I stumbled upon a transcription for guitar from a Lute piece. The original piece is written in G minor but the transcription is in A minor. From the transcriber's notes the bass line's octave was modified and even some notes removed since the guitar cannot reach those low registries.

Of course nobody can know what the transcriber was thinking about when he made the decision to change the piece's key but I would like to know if there could be some technical reasons, particular features of both instruments or something else that would motivate such a change.

Thank you.

  • What is the lute piece? Knowing the tuning of the lute used when writing it may help.
    – Aric
    Aug 16, 2017 at 9:45
  • @AricFowler - Ciacona by Sylvius Leopold Weiss. I have no idea what the tuning of the lute might be. Aug 16, 2017 at 17:37

3 Answers 3


Guitar abhors a key with flats. g minor is the relative key with a Bb and Eb in its key signature. You have an open B string and open E string, not Bb and Eb.

a minor on the other hands has no flats and just a G#, you also have an open A string, this key is a much more guitaristic key.

As a general rule of thumb, you want your keys to be either E, A or D when playing guitar. Yes you can tune your guitar a half step down to get flats for open strings and yes you can use a capo, but generally, it is easier just to transpose the piece (Especially when it is an easy one like a Major second up) and stay in standard tuning.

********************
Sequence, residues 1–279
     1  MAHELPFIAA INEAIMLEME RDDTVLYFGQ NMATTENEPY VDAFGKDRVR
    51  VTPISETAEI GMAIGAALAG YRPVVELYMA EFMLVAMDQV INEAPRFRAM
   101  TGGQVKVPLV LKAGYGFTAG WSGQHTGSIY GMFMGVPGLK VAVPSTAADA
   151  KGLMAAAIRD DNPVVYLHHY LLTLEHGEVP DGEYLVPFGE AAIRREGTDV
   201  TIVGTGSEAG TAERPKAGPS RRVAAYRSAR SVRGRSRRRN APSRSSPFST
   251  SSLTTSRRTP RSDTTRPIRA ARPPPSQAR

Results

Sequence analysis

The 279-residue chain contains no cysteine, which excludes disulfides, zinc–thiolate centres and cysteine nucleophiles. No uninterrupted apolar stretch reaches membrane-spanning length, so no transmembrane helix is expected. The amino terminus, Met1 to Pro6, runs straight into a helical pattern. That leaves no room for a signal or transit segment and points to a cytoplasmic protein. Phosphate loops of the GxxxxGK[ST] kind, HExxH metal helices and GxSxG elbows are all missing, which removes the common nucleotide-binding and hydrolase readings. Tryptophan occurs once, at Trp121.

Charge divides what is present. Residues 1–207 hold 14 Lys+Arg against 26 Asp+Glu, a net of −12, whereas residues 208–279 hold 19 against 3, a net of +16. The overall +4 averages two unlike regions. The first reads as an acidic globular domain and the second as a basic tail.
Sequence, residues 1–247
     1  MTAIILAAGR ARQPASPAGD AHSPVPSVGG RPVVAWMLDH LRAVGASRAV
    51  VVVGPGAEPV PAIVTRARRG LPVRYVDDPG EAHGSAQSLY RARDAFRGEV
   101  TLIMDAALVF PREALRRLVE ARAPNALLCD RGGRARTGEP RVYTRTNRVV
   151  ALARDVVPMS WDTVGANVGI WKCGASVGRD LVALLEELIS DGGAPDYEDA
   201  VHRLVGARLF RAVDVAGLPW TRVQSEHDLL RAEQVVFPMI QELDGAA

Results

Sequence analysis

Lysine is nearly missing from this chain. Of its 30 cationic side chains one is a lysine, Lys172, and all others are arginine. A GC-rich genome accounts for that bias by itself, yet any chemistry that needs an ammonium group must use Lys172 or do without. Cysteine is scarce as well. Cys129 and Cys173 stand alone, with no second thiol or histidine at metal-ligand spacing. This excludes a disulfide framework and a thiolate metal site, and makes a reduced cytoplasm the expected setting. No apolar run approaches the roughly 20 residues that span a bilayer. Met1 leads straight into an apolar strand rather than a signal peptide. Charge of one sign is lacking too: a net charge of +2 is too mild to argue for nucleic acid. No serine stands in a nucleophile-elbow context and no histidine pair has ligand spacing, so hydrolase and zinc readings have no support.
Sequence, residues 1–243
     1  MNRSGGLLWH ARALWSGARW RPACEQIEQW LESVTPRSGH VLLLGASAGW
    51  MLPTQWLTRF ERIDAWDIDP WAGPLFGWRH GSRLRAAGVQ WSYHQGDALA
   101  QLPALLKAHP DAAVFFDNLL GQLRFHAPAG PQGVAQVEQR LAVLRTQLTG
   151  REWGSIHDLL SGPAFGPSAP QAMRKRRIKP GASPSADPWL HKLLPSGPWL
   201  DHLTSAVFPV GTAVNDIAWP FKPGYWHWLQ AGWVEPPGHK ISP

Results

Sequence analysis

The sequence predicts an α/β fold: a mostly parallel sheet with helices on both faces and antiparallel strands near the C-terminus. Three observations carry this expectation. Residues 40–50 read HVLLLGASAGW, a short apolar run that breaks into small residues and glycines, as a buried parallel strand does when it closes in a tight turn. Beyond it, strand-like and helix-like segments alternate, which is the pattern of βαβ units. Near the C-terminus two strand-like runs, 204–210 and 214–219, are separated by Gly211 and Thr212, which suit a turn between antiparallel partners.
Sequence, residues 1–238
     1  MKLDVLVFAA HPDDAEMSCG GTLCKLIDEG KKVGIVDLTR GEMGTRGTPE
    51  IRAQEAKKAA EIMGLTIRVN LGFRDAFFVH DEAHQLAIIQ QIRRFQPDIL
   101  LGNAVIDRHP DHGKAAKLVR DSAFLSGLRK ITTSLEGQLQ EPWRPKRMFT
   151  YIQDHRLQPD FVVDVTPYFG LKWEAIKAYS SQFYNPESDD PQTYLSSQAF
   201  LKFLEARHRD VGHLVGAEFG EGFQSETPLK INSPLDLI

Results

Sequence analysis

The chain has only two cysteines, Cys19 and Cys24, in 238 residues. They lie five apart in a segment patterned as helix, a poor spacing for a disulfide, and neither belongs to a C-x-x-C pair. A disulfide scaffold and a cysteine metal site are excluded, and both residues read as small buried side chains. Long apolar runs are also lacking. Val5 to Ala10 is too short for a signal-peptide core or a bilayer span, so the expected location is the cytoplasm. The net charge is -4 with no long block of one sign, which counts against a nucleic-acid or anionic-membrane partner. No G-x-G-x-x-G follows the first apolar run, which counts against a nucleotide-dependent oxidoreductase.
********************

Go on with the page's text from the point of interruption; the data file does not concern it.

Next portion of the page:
• @NielMeyer - Isn't the "Guitar abhors a key with flats" statement a little too harsh? I can understand it abhors flats on its open strings notes, but I find a bit extreme that it is the case for all things flat. Aug 16, 2017 at 16:04

Usually the motivation for transcribing is either because the instrument can't do the entire range of the piece without transcribing, or the singer can't do the entire range (if it's a song).

Sometimes, for certain instruments, a transcribed version may be easier to play as well. Trying to do the fingering in the original key may be horrid.


Lutes come in a wide set of tunings. The rather polyphonic way of playing them makes for fingering patterns that are particular to a given tuning. A baroque lute tends to be based on D minor, with a modern guitar focused on E minor. As a result, transposing pieces that tend to "fit well" on a D minor lute up one note (or six notes down) when moving to the guitar can often help maintain them playable.

G minor relates to a D minor tuning like A minor does to an E minor tuning. Note that this is just a rough handwaving equivalence since lute courses tend to be more, have unfretted bass and resonance courses, and tend to have somewhat different intervals. So lute fingering patterns and guitar fingering patterns are at best moderately comparable. Still affinity to an instrument's "preferred" modes and scales tends to help.

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